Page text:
Just a few of my favorite romance movies…


When I was growing up, my parents often told me that I was an “old soul.” Part of the reason, I suppose, was my avid interest in classic movies—particularly any film made in the 1930s, 40s and 50s. To this day, I’d much rather watch Fred and Ginger dance across the silver screen or Clark Gable attempt to thumb a ride than, say, Hugh Grant’s face crinkling up in that signature grin of his.

In my new novel, If Ever I Fall, the heroine, Willa, finds herself with the time and leisure to do whatever she wants. One of those things is watching movies. This got me thinking: if I had that same luxury, what movies would I watch?

As I started to put a list of some of my favorite movies together I realized that 1) they all have a romantic storyline, and 2) they each have influenced my writing in some way. Whether it’s the many different ways a man looks at a woman, or how they speak to each other, or that slow buildup of sweet or sensual tension to the ultimate denouement. To transform those visual images into words is a constant—but very enjoyable!—challenge.

Here are just a few of my top favorites:

Summertime_posterFirst on my list is Summertime (1955), a David Lean classic that was filmed on location in Venice, Italy. It depicts the story of lonely, middle-aged, American, spinster secretary Jane Hudson—played to perfection by Katherine Hepburn—enjoying her first trip abroad. The evening of her arrival in Venice, she ventures alone to the Piazza San Marco where she orders a drink at a sidewalk café. As she films the scenery and people, she becomes aware that someone is watching her. She turns to discover a handsome Italian man sitting nearby.

Jane at the PiazzaAh, the scene that makes me all fluttery inside every time is when this Italian man (the gorgeous Rossano Brazzi) first notices Jane. As his half-hooded eyes travel from her long legs to her slender waist and farther upwards, he slowly rubs his index finger from his jaw to his temple, and his mouth quirks in a lazy, sensuous smile of male appreciation. Delicious! George Clooney has nothing on this handsome devil.

Summertime_the lookAnother movie I adore is The Clock, one of the few Judy Garland films that is not a musical. Set during World War II, it depicts the story of Joe (Robert Walker) and Alice (Judy Garland) who meet-cute at Pennsylvania Station in New York City while Joe is on a two-day leave. She agrees to show him the sights and they spend the day together. It is the classic “love at first sight” story told with sweetness and humor.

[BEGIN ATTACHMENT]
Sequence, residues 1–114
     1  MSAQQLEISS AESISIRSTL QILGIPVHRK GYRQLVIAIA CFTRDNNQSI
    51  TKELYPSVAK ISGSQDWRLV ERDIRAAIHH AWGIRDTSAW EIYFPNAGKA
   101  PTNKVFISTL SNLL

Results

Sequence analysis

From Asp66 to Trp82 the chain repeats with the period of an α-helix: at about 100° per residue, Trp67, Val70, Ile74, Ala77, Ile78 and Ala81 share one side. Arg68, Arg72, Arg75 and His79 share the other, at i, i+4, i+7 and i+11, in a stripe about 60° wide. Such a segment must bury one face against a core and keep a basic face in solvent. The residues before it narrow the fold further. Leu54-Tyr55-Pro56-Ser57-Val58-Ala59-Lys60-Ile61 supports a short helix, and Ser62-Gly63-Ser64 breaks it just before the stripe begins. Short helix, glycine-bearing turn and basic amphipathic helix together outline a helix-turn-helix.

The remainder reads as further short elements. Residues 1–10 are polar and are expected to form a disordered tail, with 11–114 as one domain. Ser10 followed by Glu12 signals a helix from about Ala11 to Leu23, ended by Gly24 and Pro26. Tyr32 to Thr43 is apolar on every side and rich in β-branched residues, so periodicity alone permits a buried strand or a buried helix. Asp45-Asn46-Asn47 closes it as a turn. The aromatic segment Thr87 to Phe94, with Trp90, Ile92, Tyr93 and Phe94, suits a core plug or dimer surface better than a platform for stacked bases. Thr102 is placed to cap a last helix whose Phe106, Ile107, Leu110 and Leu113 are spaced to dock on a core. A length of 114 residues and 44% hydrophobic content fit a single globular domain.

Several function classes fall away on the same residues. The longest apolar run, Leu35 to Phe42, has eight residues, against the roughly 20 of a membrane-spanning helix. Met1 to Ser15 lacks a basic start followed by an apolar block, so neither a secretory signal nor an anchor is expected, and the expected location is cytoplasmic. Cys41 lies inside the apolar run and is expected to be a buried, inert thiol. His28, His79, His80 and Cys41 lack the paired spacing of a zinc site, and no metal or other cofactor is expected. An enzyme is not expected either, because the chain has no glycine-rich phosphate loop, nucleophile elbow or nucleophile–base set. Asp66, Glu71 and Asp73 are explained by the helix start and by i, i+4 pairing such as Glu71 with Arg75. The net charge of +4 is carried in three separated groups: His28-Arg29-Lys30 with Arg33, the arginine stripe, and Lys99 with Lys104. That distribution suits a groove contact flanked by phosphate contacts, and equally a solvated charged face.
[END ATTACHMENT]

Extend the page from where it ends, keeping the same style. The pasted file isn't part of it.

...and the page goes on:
The Clock

Frantic to get married before Joe is shipped overseas, they have a quick civil ceremony at city hall. The ceremony is a rushed, impersonal affair, taking less than two minutes—which leads to one of my favorite scenes when later that evening Joe and Alice wander into a church. There, in the quiet church, they recite their wedding vows to each other with the reverence that wasn’t allowed in the civil ceremony. This is a lovely little film, made all the more bittersweet knowing Judy Garland’s real-life story.

The Clock_churchEvery one of my Favorite Movie lists, regardless of the category, has this next classic in the top five: It Happened One Night (1934).


I enjoyed Clark Gable in Gone with the Wind, but this is the movie where I fell in love with him. I find him more lovable and charming in comedic roles. He’s my model for a handsome, devilish, funny, soft-hearted leading man. This rom-com, which won Best Picture at the 1935 Academy Awards, tells the story of a spoiled American heiress, Ellie, (the amazing Claudette Colbert) who runs away from her family. During her escape, she is helped by a man, Peter, who’s actually a recently-fired reporter looking for a story that will help him get his job back. Ellie and Peter dislike each other from the get-go. Or, do they?

Next is a film that I first watched on television when I was about ten years old. I fell in love with it instantly but was never able to find it at video stores or online, until I happened to catch it on TCM years later. I love TCM. See what I mean about being an old soul?